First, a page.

It has been more than three weeks since over 200 girls were abducted at Chibok in Borno State by the Boko Haram terrorist organization. They have not been found yet.
More than three weeks ago, about 234 girls from a school in Chibok Local Government in Borno State in the North-east of Nigeria were kidnapped from school. Only two or so of the girls escaped. The disturbing event has turned attention of the world on my country again, for the wrong reasons. Boko Haram, the group that carried out the attack and took responsibility, have been a present threat in the country since about five years now (and a few have asked why it took this long to get the world’s attention).
Many things have happened since the news of this abduction took place. Concerned Nigerians have forced the Nigerian government to acknowledge the abduction, and finally accept the offer of help from the United States Government. This is a good thing. It might however be too late as intelligence reports have pointed to the likelihood that the girls may have been scattered or sold to different parts of the region. Today, the US special forces arrived in the country. The next couple of days and weeks should be interesting.
Meanwhile, the social media campaign that forced our inept and unresponsive government to finally say, if not do, something, continues. Here was the first tweet carrying the hashtag. It was inspired by a passionate plea by Oby Ezekwesili, a former Nigerian Minister, at an event in Port Harcourt, Nigeria about a week after the kidnapping (though, in a somewhat sad and predictable twist, ABC News today attributed the organic, locally-generated campaign to a Los Angeles woman who joined in at least a solid week AFTER Nigerians already lit up twitter with the hashtag).
As a teacher of school kids of similar age range, the presence (and success) of Boko Haram threatens everything I hold dear. Unfortunately, I live in a country where the government, as properly described by the New York Times editorial is “deeply troubled”, “corrupt”, with “little credibility”, and if I might add, filled with unjustified hubris that cares only for the sustenance of its own political survival. Nothing illustrates this more than the fact that it took foreign, outside, pressure (acquired through the dogged use of social media by concerned citizens with the #BringBackOurGirls hashtag) to even get the president to address the issue or acknowledge its existence after about two weeks!)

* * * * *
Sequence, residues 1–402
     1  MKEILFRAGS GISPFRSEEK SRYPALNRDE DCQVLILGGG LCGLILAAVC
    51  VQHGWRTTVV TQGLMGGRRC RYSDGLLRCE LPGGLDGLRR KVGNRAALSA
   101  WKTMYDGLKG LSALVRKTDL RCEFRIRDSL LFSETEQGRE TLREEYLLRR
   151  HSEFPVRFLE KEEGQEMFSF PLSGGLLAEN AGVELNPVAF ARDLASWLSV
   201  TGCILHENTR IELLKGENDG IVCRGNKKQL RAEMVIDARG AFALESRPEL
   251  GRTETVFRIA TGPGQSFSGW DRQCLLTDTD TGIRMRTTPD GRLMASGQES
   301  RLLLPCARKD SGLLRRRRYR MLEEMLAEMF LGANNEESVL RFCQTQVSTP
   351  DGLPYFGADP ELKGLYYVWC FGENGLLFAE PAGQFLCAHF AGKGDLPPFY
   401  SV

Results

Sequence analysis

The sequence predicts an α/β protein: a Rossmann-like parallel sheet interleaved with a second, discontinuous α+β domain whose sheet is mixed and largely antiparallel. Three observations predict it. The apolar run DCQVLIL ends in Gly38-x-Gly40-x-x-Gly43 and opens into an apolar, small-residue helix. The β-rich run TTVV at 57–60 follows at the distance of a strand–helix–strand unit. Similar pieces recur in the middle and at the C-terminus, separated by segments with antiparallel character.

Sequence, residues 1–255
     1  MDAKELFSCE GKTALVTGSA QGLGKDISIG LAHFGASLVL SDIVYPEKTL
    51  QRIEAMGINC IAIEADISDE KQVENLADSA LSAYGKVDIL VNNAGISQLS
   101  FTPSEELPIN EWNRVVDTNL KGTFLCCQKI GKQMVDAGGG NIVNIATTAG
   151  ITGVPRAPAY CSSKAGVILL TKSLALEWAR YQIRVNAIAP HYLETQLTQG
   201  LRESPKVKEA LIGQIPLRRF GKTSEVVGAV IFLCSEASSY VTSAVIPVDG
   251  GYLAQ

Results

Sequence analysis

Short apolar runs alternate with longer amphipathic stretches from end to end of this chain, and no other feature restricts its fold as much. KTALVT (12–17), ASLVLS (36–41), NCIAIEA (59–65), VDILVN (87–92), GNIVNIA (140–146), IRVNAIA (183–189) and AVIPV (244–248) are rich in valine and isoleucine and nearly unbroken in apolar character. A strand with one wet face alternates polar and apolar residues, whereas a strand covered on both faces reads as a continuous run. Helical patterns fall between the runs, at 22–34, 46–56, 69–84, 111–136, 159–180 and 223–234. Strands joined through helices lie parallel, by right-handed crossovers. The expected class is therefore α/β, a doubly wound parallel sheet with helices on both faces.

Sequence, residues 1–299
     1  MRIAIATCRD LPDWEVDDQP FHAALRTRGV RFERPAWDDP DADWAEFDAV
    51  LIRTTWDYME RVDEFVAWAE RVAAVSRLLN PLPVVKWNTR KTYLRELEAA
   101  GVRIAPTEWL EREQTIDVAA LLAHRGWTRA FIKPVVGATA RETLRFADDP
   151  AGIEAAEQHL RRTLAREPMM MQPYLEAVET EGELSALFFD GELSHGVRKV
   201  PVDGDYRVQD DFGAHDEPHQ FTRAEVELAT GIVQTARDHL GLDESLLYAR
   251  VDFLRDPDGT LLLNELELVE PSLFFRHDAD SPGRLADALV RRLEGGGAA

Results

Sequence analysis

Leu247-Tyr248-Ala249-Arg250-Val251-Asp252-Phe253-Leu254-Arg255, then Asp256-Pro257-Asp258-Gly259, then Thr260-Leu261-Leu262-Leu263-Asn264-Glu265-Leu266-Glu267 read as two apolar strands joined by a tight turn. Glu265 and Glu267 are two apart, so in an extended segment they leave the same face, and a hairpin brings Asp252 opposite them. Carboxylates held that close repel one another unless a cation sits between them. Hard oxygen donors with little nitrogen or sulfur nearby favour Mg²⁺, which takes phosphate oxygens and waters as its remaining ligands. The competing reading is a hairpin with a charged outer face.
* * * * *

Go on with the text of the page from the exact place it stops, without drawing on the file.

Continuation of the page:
There are already op-ed pieces in the nation’s journals calling attention to the possibility that we may never find those girls anymore. Not in one place anymore, obviously. More importantly, not in the same sane and decent state of mind. A very legitimate concern poignantly illustrated in this piece in the New Yorker. Nigeria has a number of deep and troubling issues, top of which is leadership. Every other issue (corruption, terrorism, poverty, decaying infrastructure) has stemmed from this first issue of leadership.
Since the attention of the world is on us now, legitimately, though for an uncomfortable reason, it’s also a time for some self reflection. But those interested in a more nuanced discussion about our expectations from this foreign intervention should follow Nigerian writer Teju Cole on twitter. This is what I mean. The girls may be found. Actually, now with the help of the US Special Forces, it is likely that the trails may get clearer. What kinds of girls are we getting back, however? What would be left of them physically and psychologically, and into which country are they returning? The same one that let them down in the first place? How many more will be killed and maimed, and how do we defeat an ideology that has refused to die?
In the end, it will not just be a Nigerian, but a human, problem. And we should not be deceived as to its quick and clean resolution. I’m not.